It’s Sunday afternoon, and I realize my church attendance has severely waned. And really, it does affect me emotionally and spiritually. So, with that in mind, I figured I’d write about my absence from services.

It’s something ingrained within my being. Since I was young, my parents had brought me to church. And, as I think back, remembering the young boy I was, there was always a certain uplifting feeling that came from attending. As a child, listening to the benediction inspired mild elation; the feelings at the end of a service haven’t changed much.

I had always believed, figuring that mingling with friends and family would come after church, that the soaring spirits resulted from successfully sitting through another service – and not being scolded during the sermon. Now, I realize it’s a little deeper than that. Maybe it stems from fulfilling an obligation to me and God.

The only reason I don’t attend service now is that, and it’s a horrible excuse, it would interfere with my workday routine. I know, I should make sacrifices for my spiritual health.

I don’t mean to preach God, and don’t intend to offend anyone. But I feel my Christian faith is part of me, and should be discussed. Yet, I’m not one for pushing the word of God on someone – most people find that offensive and annoying.

I know, Jesus urged Christians to spread the Gospel. However, that was 2,000 years ago; the world wasn’t as connected as it is today- and back then, Jesus’ message was brand new.

Today, people are exposed to the word of God easily. With that said, mentioning my faith, and explaining how it has helped me, might make someone feel more secure in their own beliefs. And believe me, this is about as much as I talk of God in public.

Usually my mentions, when talking of the man upstairs, are limited to, “God must be punishing me for bragging about that!” You know what I mean: those little half jokes that may hold a nugget of truth.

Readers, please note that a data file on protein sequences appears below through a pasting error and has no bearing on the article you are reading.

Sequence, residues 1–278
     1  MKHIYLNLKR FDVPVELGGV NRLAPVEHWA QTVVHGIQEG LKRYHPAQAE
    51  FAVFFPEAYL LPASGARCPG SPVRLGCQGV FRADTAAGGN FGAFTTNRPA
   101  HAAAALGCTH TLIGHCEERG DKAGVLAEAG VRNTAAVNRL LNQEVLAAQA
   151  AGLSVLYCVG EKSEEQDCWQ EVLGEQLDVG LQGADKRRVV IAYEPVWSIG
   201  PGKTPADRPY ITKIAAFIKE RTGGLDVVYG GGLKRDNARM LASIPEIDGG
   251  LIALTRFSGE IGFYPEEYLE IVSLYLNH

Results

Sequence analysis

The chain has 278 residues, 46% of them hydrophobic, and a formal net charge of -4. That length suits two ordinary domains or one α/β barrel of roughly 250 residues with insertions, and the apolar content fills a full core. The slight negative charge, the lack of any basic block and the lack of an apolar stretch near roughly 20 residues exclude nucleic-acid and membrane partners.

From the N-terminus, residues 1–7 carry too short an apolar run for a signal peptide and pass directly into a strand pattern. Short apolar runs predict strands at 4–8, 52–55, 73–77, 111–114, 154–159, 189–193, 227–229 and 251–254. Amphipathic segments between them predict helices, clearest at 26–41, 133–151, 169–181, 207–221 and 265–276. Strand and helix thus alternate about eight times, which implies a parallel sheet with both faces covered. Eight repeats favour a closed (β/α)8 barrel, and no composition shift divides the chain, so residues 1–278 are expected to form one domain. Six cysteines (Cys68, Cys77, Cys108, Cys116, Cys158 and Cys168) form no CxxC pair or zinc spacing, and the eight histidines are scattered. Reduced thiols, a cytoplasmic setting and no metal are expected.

I think those remarks do two things. First, it shows that I recognize God, and, that he is a powerful entity. Second, maybe someone has something similar going on, and, maybe, turning to God might seem like a solid option.

Don’t get me wrong, although I believe God has his hand in everything, I also believe you are in control of you. So,success, friendship, relationships and well being, while ultimately decided by God, are very much in your control as well. You can only select your chosen path, and rely on the big guy for guidance. Ultimately, he decides what you are allowed in life, but if you help yourself, most likely, you will be rewarded.

At least that’s my outlook on life.

Safe Travels.


  1. I agree, we all have free will. Also, I’m not religious in the sense of going to church every week. I think of myself as more spiritual–I believe in a higher power but not so much in any particular church’s dogma. And I also don’t think anyone should “force” their beliefs on you. But I don’t think that you need to hide what you believe either. You just have to find a balance. With that said, I think that you have found a pretty good balance.

    Liked by 1 person

    1. Well said, and I feel that realizing there is a higher power, no matter what faith you ascribe your beliefs to, gives one a certain amount of comfort and purpose.

      Liked by 1 person

  2. I think one way to share the message of the Gospel is by the example of the way a person lives. Words can be cheap. Actions speak. And I agree, pushing religion on someone does not work. I do pray every day. And like you, I will make a little acknowledgement here and there to state my beliefs and my gratitude. For example, we are blessed from above. Enjoy your day!

    Liked by 1 person

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